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A Mystery Launch – Arcturus

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A Mystery Launch – Arcturus

If you believe her trade listing the above 33’ launch is a McGeedy design and built in 1956. McGeedy’s a new name to me, spelling maybe? Or maybe I’m slow off the mark.
Typical broker listing e.g. no mention of the vessel’s name and no details on the motor. 
All that aside a nice boat.
Update: Ken Ricketts has advised the launch is Arcturus built by Supreme Craft, (Mac McGeady) in the late 1940s or early 1950s (refer below) for Mr & Mrs John Warren.
She was originally powered by a 4 cyl Buda diesel which he replaced, by approx. 3>4 years later, by a 6 cyl Ford diesel. The Buda had been installed by Tracey Nelson,  as were the majority of the McGeady boats.
She was however built several years before 1956, as John Warren sold the Buda to Ken’s father in 1956, who put it in the Juliana that year, when he sold her, which replaced a 6 cyl Leyland diesel. (edited by Alan H)
Input from Harold Kidd
The name is ARCTURUS. She was partly built by McGeady’s company Supreme Craft in November 1950 for John Warren of Mission Bay who finished her off at home and eventually launched her in late 1952 (Sea Sprays of November 1950 and March 1953). Her lines were in the November 1950 issue. Named amend AH

Building Fritha – Sailing Sunday

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Building Fritha –  Sailing Sunday

Following on from the stunning WW post on the McMullen & Wing built 74’ brigantine – Fritha, Chris McMullen has shared with us a gallery of photos from the build.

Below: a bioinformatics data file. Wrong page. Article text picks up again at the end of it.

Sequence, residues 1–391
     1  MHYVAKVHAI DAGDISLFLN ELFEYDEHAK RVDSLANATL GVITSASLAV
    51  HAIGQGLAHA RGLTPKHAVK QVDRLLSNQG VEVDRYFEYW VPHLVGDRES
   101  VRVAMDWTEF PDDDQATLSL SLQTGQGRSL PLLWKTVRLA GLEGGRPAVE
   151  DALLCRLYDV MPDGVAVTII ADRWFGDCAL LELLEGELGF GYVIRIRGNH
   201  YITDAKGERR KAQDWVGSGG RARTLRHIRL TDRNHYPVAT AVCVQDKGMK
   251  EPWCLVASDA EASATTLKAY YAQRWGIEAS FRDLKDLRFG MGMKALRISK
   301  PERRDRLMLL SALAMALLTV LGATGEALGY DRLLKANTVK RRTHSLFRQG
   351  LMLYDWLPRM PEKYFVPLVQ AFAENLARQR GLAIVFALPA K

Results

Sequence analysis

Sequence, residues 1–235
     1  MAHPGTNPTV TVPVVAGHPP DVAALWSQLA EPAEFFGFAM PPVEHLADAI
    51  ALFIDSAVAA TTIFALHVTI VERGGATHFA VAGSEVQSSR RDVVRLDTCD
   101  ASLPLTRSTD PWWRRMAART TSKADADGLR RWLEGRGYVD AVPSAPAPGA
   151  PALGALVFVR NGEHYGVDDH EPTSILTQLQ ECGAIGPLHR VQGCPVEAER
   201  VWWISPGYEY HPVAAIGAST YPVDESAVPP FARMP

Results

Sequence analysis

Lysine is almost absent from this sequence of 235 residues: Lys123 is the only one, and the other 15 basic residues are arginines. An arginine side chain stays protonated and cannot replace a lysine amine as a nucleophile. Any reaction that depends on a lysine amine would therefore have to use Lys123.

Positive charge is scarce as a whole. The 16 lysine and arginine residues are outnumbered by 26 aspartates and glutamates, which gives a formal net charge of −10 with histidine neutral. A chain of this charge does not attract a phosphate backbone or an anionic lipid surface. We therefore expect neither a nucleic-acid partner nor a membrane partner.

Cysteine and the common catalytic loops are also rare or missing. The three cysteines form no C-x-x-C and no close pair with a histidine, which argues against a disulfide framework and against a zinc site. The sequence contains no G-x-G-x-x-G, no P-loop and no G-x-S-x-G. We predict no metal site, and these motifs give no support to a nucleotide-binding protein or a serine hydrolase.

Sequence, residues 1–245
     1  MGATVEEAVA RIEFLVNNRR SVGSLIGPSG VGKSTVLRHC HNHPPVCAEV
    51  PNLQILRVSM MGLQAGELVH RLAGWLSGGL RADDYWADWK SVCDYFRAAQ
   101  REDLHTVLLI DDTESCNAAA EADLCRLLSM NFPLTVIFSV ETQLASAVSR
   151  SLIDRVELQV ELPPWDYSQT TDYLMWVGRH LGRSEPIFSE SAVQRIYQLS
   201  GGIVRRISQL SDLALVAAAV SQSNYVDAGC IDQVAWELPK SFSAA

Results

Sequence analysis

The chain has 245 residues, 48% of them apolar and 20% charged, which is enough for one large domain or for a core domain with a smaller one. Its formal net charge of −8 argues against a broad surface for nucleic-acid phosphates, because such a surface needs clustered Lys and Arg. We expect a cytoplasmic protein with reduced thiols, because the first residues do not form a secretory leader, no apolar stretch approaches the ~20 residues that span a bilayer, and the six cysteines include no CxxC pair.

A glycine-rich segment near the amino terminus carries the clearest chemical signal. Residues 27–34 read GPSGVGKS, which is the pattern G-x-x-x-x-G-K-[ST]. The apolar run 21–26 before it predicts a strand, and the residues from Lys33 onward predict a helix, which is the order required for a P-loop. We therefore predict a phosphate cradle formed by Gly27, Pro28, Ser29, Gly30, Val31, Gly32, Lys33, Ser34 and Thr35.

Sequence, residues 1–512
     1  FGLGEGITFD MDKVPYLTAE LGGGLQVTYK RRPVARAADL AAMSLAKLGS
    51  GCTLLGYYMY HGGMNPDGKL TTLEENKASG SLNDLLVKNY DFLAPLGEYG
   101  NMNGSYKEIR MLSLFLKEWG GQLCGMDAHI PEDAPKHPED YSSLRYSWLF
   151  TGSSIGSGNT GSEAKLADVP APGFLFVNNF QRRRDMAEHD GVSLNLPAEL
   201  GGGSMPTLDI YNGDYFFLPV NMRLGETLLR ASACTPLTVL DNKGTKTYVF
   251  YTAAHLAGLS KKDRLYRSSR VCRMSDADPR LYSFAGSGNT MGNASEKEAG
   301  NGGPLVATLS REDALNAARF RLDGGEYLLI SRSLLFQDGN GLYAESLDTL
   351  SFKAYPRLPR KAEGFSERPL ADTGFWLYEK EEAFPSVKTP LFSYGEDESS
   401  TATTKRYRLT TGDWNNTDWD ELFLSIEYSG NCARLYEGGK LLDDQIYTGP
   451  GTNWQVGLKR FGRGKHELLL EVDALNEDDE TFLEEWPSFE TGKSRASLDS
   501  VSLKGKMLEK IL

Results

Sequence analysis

In Chris’s words – it shows a bunch of mainly young guys building a proper sailing ship. Chris commented how lucky they all were to have had that opportunity. The photos should be credited to M&W ex apprentice Grant Thomas who was the leading hand on Fritha.
 
The Fritha was built traditionally but certainly not by eye. You may notice the cabin trunks were well underway before the hull was planked. This was possible because M&W had a very experienced team. The workmanship got better every boat they built but the estimate of time was exceeded. (Chris stressed how lucky they were to have an understanding owner who appreciated what he got). Further, it became almost impossible to get good wood. Chris’s business partner Eric Wing was by then running their haul out yard at Westhaven.
Sadly “Fritha” was the last real boat M&W built. M&W was sold and became a ship yard rather than a boatyard.
While most people associate M&W as metal boat builders, Chris said that they did that, as we had to. There is nothing wrong with a wooden boat providing it is built properly of good timber. There was no wood left so it was metal or frozen snot. They chose to build metal boats but employed mainly woodworkers.
Chris would like to pass on thanks to the late owner of “Fritha” Mr JR Butland and the loyal team he had that built some beautiful yachts. 
 
View the previous WW story on Fritha here – lots of photos  https://waitematawoodys.com/2019/02/24/fritha/

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1962 Woody Ski Boat – Coastguard Wanaka Lakes Funding Help

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1962 Woody Ski Boat – Coastguard Wanaka Lakes Funding Help
As passionate boaties we are all very aware of the funding needs of the Coastguard, todays story is about a unique woody funding opportunity.